if Brown wants to publically break promises he's made to the house by announcing policies on national TV why should the BBC conspire to retrieve the situation for him by halting the broadcast?

    now that would be bias.

  • Comment number 48.

    #42. At 2:53pm on 23 Jun 2009, Sutara wrote:

    28. At 1:48pm on 23 Jun 2009, crowdedisland wrote:

    "Ho Hum! We need a speedy General Election for the following reasons:"

    The reasons don't matter. You're not going to get one! It's just not the way it works.
    ---------------------------------------------------------------------------
    I know you are correct in the basics, but there is the whiff of insurrection in the air. You only have to read the blogs across the spectrum to see there is a huge, pent up demand for an early General Election. The longer Brown delays on this, the worse it will be for Labour when that election is eventually called.

    As I pointed out in my earlier post, there are serious issues to be resolved which have been kicked into the long grass after any election - we cannot afford to wait until next Spring to start sorting out the black hole in our public finances, so something is going to have to give!

    Take to the streets and demand an election - it is the only way!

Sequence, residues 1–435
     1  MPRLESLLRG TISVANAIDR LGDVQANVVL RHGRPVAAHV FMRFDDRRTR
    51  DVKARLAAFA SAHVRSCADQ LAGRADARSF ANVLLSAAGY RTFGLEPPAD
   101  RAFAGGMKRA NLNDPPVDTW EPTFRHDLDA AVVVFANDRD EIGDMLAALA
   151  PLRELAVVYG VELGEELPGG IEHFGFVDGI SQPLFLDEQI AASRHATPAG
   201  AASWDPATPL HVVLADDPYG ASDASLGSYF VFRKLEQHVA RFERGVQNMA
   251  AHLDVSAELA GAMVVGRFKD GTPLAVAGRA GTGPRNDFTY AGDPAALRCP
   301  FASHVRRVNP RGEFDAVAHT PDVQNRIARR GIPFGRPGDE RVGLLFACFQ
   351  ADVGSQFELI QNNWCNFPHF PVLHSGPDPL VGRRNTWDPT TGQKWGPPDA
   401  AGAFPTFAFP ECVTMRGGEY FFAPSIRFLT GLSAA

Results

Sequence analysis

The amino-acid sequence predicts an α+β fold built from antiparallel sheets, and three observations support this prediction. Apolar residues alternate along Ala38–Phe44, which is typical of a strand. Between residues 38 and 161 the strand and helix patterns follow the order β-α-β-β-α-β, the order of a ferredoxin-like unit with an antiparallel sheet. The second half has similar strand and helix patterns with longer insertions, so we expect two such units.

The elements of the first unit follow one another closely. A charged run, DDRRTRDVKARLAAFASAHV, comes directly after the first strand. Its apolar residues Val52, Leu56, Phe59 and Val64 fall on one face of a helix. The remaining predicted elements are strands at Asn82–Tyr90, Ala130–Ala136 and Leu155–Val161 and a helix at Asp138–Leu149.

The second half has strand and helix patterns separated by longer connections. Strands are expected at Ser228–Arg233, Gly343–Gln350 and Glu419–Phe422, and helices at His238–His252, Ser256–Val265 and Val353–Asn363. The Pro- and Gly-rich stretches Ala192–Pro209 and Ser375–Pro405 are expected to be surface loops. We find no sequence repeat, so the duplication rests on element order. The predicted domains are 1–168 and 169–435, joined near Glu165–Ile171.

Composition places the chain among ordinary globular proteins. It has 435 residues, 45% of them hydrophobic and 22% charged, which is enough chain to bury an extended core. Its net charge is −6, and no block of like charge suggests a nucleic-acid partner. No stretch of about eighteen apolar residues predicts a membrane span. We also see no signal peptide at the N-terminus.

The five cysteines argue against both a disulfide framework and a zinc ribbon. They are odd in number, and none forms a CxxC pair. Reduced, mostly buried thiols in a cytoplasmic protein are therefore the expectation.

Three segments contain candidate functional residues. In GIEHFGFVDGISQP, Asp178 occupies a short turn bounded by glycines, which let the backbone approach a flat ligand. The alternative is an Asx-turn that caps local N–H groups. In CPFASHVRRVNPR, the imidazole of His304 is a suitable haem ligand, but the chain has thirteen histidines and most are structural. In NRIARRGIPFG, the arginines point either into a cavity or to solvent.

• Comment number 49.

    There is no " new style speaker " just the same old drivel and balderdash to which we've grown accustomed from politicians and political pundits.

    I am ashamed of the House of Commons , I am ashamed of the House of Lords.

    I would lie to think that some of the " Honourable " members have the wit and wisdom to be ashamed of themselves but it would seem unlikely.

  • Comment number 50.

    You'd be better off entitling this article - a new style of politics - rather than speaker.

    The truth is that in just the space of four years while newlabour has grimly clung onto power, mangled the economy and blamed everyone else in the process the great British public has managed to:

    Chuck newlabour out of control of the Scottish Parliament.

    Chuck newlabour out of control of Edinburgh council

    Chuck newlabour out of control of all the county councils in the whole of England.

    Chuck newlabour out of the London mayorality

    Get rid of the worst speaker on record who was newlabour too.

    Give newlabour only 5% countrywide support in the European elections.


    All this, yet still the BBC manage to go on believing that somehow the great Gordon Brown can pull the big one off..

    His ministers are booed on Question Time yet they still put themselves up for the job of speaker.

    Gordon Brown is booed by ninety year old veterans at Dunkerque yet still he bleats on about not walking away.

    If ever there was a man and a party that had gone well past their sell by dates it is this bunch of utterly shameless losers and their shambles of a party.

    Call an election.

  • Comment number 51.

    21. At 1:27pm on 23 Jun 2009, JohnConstable wrote:
    Sooner or later there will be a General Election and I sincerely hope that the English public will consign most of these MP's to political history.

    Indeed there will, and indeed they shall. The problem is, what dross, with even less experience and who is to say any more integrity will be there to replace them? What, precisely would a 'general election now' do to solve the problem? Same old electoral system, higher salaries, same old trough, just a different set of second-rate snouts. Or perhaps third-rate snouts.